We have entered a political phase where what people want done is no longer as important as who does them.  It’s about credit and blame, not about the good of the country.  It’s about saving your own ass while throwing your opponent as far under the bus as you possibly can.  The Optimates and the Populari are back to destroy another republic.

This post isn’t going to get nearly as much attention as all of the inflaming rhetoric.  People would much rather repost memes about how terrible the other person is rather than debate their policies.  And, as a result, our republic will continue its death-spiral, just as the last republic did two thousand years ago.

Hail Caesar.

No, I’m not doing NaNo. Don’t let me stop you.

No, we’re not doing NaNo this year.  We didn’t do it last year, either.   Fact is, I can’t foresee us doing a NaNoWriMo event ever again.  It’s simply not an event that has value for us at our current place in our careers.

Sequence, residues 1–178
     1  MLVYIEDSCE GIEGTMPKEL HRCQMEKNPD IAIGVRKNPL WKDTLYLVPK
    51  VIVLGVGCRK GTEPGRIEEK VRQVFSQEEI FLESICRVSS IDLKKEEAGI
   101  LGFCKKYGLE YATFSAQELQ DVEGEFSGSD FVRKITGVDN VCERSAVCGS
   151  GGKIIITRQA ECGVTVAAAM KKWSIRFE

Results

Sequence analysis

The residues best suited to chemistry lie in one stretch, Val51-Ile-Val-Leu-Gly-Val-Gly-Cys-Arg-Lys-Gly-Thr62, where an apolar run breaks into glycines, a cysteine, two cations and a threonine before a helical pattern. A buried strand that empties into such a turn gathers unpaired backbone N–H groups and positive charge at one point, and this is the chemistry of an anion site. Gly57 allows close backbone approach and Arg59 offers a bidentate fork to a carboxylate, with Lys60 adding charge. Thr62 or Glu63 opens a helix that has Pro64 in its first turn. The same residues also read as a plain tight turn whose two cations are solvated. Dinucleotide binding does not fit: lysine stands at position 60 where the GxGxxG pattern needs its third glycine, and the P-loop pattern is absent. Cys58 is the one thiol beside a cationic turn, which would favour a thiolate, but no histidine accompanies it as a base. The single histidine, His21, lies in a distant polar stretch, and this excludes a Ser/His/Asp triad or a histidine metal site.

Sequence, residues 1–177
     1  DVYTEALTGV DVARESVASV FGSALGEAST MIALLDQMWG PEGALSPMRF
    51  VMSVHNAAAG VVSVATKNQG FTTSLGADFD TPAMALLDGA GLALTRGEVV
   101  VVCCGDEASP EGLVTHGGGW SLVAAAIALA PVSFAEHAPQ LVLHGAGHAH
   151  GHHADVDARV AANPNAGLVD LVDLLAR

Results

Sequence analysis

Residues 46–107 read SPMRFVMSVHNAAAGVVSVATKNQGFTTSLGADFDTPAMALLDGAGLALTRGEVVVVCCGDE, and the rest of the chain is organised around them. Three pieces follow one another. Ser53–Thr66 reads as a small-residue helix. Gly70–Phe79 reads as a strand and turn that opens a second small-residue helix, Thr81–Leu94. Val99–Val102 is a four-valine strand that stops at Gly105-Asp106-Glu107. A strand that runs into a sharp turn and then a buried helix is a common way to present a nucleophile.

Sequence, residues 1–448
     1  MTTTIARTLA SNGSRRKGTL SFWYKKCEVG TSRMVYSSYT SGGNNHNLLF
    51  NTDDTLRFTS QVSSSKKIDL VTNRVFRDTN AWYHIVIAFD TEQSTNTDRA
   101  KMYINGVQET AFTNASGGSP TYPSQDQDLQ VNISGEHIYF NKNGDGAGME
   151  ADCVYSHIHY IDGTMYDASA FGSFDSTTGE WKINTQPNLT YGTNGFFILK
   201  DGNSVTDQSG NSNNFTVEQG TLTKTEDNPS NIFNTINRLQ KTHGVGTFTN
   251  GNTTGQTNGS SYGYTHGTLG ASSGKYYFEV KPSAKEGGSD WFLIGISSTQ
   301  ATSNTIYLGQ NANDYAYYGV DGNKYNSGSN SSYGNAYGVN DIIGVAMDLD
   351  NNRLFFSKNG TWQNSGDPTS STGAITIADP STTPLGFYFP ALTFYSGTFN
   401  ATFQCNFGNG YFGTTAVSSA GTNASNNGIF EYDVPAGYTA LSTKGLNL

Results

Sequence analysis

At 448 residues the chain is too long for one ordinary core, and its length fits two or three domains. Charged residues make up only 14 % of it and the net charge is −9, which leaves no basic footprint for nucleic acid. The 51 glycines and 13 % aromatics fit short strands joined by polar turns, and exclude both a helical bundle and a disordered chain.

Here’s what’s going on in our writing work at the moment:  We are working on Graceless, the fourth GoG book.  We’re also in the middle of revising Black Powder Goddess, a book whose submission has already been solicited by a major publishing firm.  We’ve just completed several short stories, all of which are already on their way to their respective anthologies.  The next one to be released?  Dragon Writers, an anthology which includes Brandon Sanderson, Todd McCaffery, Jodi Lynn Nye, and Frog Jones.  In short, we have a lot of stuff going on, and we’re not in a position to drop it all to focus simply on running up a word count.